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Gregory F. Hayden, MD


Concussion in Young Athletes: Heads Up on Diagnosis and Management

April 01, 2011

The increased incidence of sports-related concussion reported nationwide has attracted much media and public attention. Most data about sports-related concussion involve professional, college, and high school level athletes

Risky Business, Part 2: Communicating Medical Risks to Patients and Parents

October 01, 2008

Practicing pediatricians commonlytalk with patients and parentsabout medical risks. Examples of suchrisks include those of a newborn havinga genetic disease, of a complication of anillness developing, and of a patient experiencingan adverse effect from a medicationor vaccine. Different ways of expressingand communicating risk mayhelp patients and parents understand themagnitude of a risk and make informed,thoughtful decisions about their medicalcare. It is important to be aware of theinfluence personal experience and concernshave on how risk is perceived andto recognize how the choice of a particularway of framing a risk may inadvertentlycommunicate a clinician's personalbiases in a situation.

Blaschko Lines:Following "Lines of Evidence" to a Rash Diagnosis

September 01, 2008

Many factors can be considered in attempting to establish the cause of a skin disorder. These include the color, morphology, and location of the lesions; associated symptoms, such as itching and fever; and exposure to drugs or to other children who have a rash. Linearity of the lesions may also suggest the diagnosis.

What the Numbers Suggest - and What They Mean

July 01, 2008

ABSTRACT: Practicing pediatricians make many clinical decisions each day in the courseof patient care. For each decision, risks and benefits must be weighed. It is important,therefore, to be able to understand different measures of increased or decreased risk.It is also important to be able to talk with patients and their parents about risk. Thisreview of various ways of expressing risk is offered with the goal of making it easierfor pediatricians to incorporate measures of risk into clinical decision making.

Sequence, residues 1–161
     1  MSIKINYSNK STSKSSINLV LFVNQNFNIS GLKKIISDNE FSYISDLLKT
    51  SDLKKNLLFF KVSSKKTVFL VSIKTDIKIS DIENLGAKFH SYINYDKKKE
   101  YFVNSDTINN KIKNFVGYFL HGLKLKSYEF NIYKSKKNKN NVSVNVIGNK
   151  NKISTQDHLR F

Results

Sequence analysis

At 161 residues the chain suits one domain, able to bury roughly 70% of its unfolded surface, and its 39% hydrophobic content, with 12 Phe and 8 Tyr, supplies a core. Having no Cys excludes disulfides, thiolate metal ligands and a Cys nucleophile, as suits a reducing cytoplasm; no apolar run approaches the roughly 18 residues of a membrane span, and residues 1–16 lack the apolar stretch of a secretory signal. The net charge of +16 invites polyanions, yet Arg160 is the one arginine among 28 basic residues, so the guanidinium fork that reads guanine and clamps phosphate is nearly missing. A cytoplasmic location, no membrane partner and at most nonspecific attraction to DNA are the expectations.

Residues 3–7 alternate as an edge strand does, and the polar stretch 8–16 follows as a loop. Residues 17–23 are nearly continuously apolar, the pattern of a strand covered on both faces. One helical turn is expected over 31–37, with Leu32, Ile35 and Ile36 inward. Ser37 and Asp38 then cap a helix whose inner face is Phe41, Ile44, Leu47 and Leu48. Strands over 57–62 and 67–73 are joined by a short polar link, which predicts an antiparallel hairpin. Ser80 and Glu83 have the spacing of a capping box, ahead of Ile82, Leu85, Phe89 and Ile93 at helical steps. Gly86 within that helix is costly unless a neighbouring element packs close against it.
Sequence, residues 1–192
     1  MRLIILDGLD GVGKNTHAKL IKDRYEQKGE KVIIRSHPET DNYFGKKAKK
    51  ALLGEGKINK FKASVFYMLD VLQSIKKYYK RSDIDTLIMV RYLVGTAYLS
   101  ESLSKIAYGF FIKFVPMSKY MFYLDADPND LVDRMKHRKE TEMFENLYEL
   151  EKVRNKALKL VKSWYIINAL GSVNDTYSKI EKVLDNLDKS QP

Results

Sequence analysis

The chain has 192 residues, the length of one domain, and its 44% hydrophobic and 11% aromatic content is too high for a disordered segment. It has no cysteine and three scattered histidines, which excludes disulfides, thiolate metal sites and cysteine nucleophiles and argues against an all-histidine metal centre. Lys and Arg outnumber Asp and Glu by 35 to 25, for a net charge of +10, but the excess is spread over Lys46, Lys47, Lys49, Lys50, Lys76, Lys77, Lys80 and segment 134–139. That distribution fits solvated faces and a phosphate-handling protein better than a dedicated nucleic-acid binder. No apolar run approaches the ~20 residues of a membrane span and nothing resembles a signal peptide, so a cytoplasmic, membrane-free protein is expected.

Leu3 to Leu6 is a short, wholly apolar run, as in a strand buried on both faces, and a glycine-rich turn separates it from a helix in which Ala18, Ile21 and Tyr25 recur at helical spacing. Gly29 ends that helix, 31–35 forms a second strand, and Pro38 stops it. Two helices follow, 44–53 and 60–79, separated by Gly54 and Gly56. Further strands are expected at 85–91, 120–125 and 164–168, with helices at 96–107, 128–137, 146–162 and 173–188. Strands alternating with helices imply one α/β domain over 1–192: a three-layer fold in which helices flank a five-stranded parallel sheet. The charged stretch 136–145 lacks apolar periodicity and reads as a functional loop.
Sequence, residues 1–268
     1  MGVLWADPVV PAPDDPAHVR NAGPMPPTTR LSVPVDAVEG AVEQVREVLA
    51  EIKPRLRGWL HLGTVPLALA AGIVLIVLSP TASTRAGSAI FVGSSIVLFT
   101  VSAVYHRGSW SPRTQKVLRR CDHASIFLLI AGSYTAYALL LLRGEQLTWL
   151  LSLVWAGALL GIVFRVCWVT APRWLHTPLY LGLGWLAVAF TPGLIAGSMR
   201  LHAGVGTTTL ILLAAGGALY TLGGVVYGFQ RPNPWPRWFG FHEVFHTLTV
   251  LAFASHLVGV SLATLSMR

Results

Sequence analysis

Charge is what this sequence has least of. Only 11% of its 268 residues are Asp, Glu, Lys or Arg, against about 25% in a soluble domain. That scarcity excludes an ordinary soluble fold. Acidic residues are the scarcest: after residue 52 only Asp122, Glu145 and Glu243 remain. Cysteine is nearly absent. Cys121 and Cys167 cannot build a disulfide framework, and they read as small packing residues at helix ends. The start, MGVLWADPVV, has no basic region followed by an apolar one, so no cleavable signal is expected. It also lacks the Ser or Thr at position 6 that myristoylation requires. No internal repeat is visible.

Cough and Cold Treatments for Children:

March 01, 2008

Despite the plethora ofover-the-counter cough and cold medicationsdesigned to relieve a variety ofsymptoms of the common cold-primarilynasal congestion, rhinorrhea, and cough-no treatment has been shown to have anybeneficial effect in children, and some maycarry a substantial risk of adverse effects.Even routine symptomatic therapies suchas antipyretics and humidified air maybe counterproductive. Parental educationis the best medicine. Parents need tounderstand the duration and expectedsymptoms of the common cold. Advisethem about specific changes in symptoms(eg, rapid or labored breathing) or duration(eg, a cold lasting 10 days or morewithout improvement) that would warranta re-evaluation by their child's physician.Parents also need to be educated aboutthe lack of proven efficacy and the potentialadverse effects of available cold remedies.Saline nose drops and adequate fluidsas well as antipyretics for bothersomefever may provide limited symptomatic relief,but time is still the only known cure.

Green-Colored Stool

October 01, 2007

The parents of a 7-month-old girl brought their daughter for immediate medical attention after she passed bright green-colored stool. For the past 24 hours, the child had mild fussiness and a low-grade fever (temperature, 38.1°C [100.6°F]); she also had vomiting and mild diarrhea, with yellow-colored stools. The mother was advised to begin small, frequent feedings of oral rehydration solution with gradual return to the baby's normal diet, as tolerated. Over the next 12 hours, the vomiting and fussiness decreased and the fever resolved, but the mild diarrhea persisted and stools turned bright green. The parents denied giving the child green-colored drinks or food.